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Old 12-30-2012, 12:35 AM   #1
future_computer
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Red face Can I convert 32bit Linux to 64bit Linux?


Can I convert 32bit Linux to 64bit Linux? Without reinstalling.

I wrongly downloaded and installed the 32bit Opensuse,
my system has 8GB RAM, 32 bit OS does not support that.

Can I convert it to 64bit in linux?
 
Old 12-30-2012, 01:20 AM   #2
polpak
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Am NON-Technical...


Believe you need reinstall to avoid complications for change from 32bit to 64bit.

The change from 32 bit to 64 bit IMHO well worth making :-)


IF concerned at losing data, as part of installation (or earlier) create new root and home partitions, leaving your current 32 bit / and /home/(user)/ still available to boot to.


When your 64bit version installed and running into its' new / and /home/(username)/, you can mount the old /home/(username)/ and copy their data across.




Copying other use things can cause some ownership issues, however these can be resolved as they arise.
 
Old 12-30-2012, 01:39 AM   #3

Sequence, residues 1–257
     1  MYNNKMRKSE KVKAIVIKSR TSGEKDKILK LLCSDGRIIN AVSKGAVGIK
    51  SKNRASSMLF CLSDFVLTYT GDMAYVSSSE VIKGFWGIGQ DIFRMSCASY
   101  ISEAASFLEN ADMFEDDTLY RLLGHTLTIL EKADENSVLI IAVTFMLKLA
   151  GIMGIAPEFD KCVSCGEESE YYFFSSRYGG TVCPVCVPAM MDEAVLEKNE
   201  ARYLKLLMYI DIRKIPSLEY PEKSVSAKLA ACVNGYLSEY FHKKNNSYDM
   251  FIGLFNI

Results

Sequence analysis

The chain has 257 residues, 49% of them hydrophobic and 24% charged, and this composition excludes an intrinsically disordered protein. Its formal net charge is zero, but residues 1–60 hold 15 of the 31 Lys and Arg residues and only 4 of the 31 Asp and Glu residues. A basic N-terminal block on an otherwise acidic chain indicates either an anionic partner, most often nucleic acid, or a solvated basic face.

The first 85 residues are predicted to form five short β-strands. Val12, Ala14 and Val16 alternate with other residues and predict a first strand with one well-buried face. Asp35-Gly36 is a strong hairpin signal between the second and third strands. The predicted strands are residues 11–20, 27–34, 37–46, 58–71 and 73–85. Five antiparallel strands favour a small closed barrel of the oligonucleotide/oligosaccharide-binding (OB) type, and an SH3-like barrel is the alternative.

polpak
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Before you proceed I assumed you did check :

Code:
linux-xfp4:~ # cat /etc/SuSE-release
openSUSE 12.1 (x86_64)
VERSION = 12.1
CODENAME = Asparagus
linux-xfp4:~ #
 
Old 12-30-2012, 02:41 AM   #4
future_computer
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I do not have important files,
so, can I convert it to 64bit?
How to do it?
 
Old 12-30-2012, 03:49 AM   #5
jdkaye
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The easiest solution might be to simply install a 64 bit system rather than trying to convert the 32 bit system. Why not just install the 64 bit system from scratch and repartition the entire disk? That will remove all traces of the earlier 32 bit system.
jdk
 
Old 12-30-2012, 04:52 AM   #6
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If you have your /home directory on a separate partition, you can leave it as it is. This will save your configurations you did as a normal user and your data.

Suse uses Yast for the configuration. You should try to find out if it is possible to store the settings you did in Yast (on an external disk or another partition) and import them later in your 64bit system, this avoids completely new configuration.

Don't forget to make a backup of your data.

markus

Last edited by markush; 12-30-2012 at 05:01 AM. Reason: typo
 
Old 12-30-2012, 04:59 AM   #7
ruario
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whilst their probably is some convoluted way to convert it will not be easy. If you are asking because you have assumed it will be simpler than a reinstall you assumed incorrectly. A reinstall will be far easier.
 
Old 12-30-2012, 05:49 AM   #8
jmc1987
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You can get all your ram on your system by using the PAE Kernel on a 32bit system.
 
Old 12-30-2012, 06:24 AM   #9
future_computer
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My version

daniel@dell:~> cat /etc/SuSE-release
openSUSE 12.3 Milestone 2 (i586)
VERSION = 12.3
CODENAME = Dartmouth

daniel@dell:~>